In a stunning discovery that overturns decades of textbook teaching, researchers at the University of Virginia School of Medicine have determined that the brain is directly connected to the immune system by vessels previously thought not to exist.

That such vessels could have escaped detection when the lymphatic system has been so thoroughly mapped throughout the body is surprising on its own, but the true significance of the discovery lies in the effects it could have on the study and treatment of neurological diseases ranging from autism to Alzheimer’s disease to multiple sclerosis.

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June 11 2015

Eating human brains helped Papua New Guinea tribe resist disease, research shows


Research involving a former brain-eating tribe from Papua New Guinea is helping scientists better understand mad cow disease and other so-called prion conditions and may also offer insights into Parkinson’s and dementia.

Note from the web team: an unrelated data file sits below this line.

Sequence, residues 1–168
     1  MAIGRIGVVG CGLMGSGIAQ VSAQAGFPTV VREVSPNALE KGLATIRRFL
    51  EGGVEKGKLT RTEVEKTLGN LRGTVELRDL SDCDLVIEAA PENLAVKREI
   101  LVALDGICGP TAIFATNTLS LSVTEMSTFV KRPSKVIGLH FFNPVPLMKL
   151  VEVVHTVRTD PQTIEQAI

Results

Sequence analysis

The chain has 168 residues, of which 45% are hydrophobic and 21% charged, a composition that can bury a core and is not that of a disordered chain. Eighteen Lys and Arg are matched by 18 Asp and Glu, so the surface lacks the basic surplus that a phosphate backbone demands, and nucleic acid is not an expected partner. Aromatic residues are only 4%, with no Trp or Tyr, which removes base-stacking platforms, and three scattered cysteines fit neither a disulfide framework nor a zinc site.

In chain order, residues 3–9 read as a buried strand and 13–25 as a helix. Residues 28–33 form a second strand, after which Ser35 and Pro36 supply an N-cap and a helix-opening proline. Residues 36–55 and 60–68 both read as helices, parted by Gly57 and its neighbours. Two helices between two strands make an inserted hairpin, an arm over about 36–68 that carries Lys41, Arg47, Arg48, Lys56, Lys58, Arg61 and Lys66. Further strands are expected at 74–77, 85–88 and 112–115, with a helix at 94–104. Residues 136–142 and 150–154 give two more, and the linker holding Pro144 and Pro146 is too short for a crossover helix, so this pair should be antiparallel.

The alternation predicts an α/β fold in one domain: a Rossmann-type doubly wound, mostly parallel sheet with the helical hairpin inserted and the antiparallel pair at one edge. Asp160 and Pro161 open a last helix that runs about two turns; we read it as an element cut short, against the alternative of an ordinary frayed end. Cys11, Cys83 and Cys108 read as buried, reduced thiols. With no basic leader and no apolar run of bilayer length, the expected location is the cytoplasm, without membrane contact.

People of the Fore tribe, studied by scientists from Britain and Papua New Guinea, have developed genetic resistance to a mad cow-like disease called kuru, which was spread mostly by the now abandoned ritual of eating relatives’ brains at funerals.

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June 11 2015

Sauerkraut Could Be The Secret To Curing Social Anxiety


Can you eat your way to an anxiety-free existence?

It might sound outlandish, but the idea that your diet can have a huge effect on your emotions has become the focus of an exciting new area of psychological research. The latest addition to this growing body of research comes from psychologists at the College of William & Mary, and finds a link between a diet high in fermented foods and reductions in neuroticism and social anxiety.

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June 11 2015

Do Creativity And Schizophrenia Share A Small Genetic Link? Maybe


The genetic underpinnings of psychosis are elusive and diffuse. There are hundreds of common genetic mutations scattered throughout the human genome that each bump up by just a tiny bit the risk of developing a mental illness like schizophrenia. Many people carry some set of those genes, but most don't end up with a psychotic disorder. Instead, a study suggests, they might be getting a small creative boost.


Alt: New study claims to find genetic link between creativity and mental illness

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June 11 2015

Cat parasite linked to mental illness, schizophrenia